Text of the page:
PhD defence by Kenneth Skovhede – Niels Bohr Institute - University of Copenhagen

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Niels Bohr Institute > Calendar > Activities 2013 > PhD defence by Kenneth...

PhD defence by Kenneth Skovhede

Combining high productivity with high performance on commodity hardware

 

Abstract
The current advances in the natural sciences are increasingly dependent on the available in computer power. At the same time, the increase in computer power is no longer based on faster cores, but on multiple cores and specialized hardware. As most scientific software is written for sequential processing, the increase in hardware performance cannot be utilized. Most existing scientific software is written in low-level languages such as C or FORTRAN, making it difficult to rewrite these to work in parallel. As the brief CELL-BE processor history showed, writing solutions that are tied to a particular hardware platform, is a risky investment.

To make this problem worse, the scientists that have the required field expertise to write the algorithms are not formally trained programmers. This usually leads to scientists writing buggy, inefficient and hard to maintain programs. Occasionally, a skilled programmer is hired, which increases the program quality, but increases the cost of the program. This extra link also introduces longer development iterations and may introduce other errors, as the programmer is not necessarily an expert in the field. And neither approach solves the issue of changing hardware platforms.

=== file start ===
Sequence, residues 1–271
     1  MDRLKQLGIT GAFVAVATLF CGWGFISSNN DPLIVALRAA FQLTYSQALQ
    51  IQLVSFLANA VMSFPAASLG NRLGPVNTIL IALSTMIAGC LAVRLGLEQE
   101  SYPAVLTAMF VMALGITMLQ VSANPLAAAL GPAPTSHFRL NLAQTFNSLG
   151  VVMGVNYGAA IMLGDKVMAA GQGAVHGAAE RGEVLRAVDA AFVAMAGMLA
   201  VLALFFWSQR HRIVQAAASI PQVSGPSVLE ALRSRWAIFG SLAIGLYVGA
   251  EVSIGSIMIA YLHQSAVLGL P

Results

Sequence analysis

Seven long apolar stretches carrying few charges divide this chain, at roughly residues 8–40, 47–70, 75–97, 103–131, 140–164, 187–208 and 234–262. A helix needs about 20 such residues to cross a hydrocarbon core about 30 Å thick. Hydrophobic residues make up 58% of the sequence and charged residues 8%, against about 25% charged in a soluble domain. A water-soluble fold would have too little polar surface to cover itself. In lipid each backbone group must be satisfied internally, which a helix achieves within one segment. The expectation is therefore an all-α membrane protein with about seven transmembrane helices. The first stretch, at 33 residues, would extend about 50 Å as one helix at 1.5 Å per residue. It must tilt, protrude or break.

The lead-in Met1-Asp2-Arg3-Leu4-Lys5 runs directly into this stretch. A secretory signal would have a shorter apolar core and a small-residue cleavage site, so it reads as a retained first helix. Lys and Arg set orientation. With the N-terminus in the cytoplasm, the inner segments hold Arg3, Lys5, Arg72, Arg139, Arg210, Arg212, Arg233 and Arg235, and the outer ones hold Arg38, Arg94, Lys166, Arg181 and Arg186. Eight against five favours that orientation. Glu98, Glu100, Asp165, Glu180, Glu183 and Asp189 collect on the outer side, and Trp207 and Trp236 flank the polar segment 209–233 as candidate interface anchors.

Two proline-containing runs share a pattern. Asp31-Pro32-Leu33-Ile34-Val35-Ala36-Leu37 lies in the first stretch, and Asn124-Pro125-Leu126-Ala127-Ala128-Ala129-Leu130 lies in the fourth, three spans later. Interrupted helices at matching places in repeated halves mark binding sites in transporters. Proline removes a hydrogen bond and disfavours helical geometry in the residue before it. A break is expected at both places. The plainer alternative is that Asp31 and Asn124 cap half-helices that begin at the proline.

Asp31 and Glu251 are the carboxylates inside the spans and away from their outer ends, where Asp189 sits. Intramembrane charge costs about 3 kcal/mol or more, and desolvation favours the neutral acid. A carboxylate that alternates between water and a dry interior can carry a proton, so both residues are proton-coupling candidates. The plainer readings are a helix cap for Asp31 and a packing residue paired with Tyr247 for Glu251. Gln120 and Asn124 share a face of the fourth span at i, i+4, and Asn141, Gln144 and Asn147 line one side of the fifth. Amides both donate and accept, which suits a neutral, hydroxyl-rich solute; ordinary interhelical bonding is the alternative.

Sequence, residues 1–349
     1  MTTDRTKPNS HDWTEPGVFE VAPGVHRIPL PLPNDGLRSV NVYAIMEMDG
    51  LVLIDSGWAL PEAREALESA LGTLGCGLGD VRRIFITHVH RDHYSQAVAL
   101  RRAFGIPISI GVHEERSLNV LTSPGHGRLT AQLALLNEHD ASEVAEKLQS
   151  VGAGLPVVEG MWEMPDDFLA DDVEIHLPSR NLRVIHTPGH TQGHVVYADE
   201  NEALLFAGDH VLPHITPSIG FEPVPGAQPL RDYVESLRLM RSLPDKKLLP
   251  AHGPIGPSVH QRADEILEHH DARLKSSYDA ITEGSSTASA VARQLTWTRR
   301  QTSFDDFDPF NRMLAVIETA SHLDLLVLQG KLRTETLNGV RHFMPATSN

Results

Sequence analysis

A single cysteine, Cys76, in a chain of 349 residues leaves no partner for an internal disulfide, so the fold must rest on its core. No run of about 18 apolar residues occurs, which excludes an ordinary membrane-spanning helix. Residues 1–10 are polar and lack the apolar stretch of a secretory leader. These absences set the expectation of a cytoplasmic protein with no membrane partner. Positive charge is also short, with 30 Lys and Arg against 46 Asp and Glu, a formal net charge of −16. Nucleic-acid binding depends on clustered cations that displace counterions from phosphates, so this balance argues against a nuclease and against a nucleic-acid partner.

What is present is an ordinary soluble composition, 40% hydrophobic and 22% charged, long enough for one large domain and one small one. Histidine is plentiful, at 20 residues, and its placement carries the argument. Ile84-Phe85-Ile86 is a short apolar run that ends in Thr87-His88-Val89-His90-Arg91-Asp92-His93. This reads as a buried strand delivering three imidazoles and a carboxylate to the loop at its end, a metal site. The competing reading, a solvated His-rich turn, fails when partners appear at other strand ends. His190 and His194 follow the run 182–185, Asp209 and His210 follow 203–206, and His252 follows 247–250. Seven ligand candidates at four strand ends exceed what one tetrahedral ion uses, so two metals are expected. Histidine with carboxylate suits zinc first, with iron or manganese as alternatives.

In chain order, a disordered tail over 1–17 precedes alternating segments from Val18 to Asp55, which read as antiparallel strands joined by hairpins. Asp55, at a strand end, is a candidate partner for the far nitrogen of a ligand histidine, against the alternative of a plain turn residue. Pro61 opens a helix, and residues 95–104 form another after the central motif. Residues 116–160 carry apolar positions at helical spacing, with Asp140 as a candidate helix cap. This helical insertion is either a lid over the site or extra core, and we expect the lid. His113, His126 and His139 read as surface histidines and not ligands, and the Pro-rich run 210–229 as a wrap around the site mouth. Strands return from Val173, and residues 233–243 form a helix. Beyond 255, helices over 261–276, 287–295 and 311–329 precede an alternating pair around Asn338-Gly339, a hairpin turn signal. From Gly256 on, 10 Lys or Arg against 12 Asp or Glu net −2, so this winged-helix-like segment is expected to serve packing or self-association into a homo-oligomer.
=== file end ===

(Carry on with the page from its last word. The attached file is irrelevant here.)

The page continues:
In this thesis, I explore different approaches for efficient execution of scientific kernels, and work towards a complete system that aims to handle all the mentioned issues. I present the work on the CELL-BE processor, which comprises a CSP-like library, and a JIT-like compiler for translating CIL bytecode on the CELL-BE. I then introduce a bytecode converter that transforms simple loops in Java bytecode to GPGPU capable code.

I then introduce the numeric library for the Common Intermediate Language, NumCIL. I can then utilizing the vector programming model from NumCIL and map this to the Bohrium framework. The result is a complete system that gives the user a choice of high-level languages with no explicit parallelism, yet seamlessly performs efficient execution on a number of hardware setups.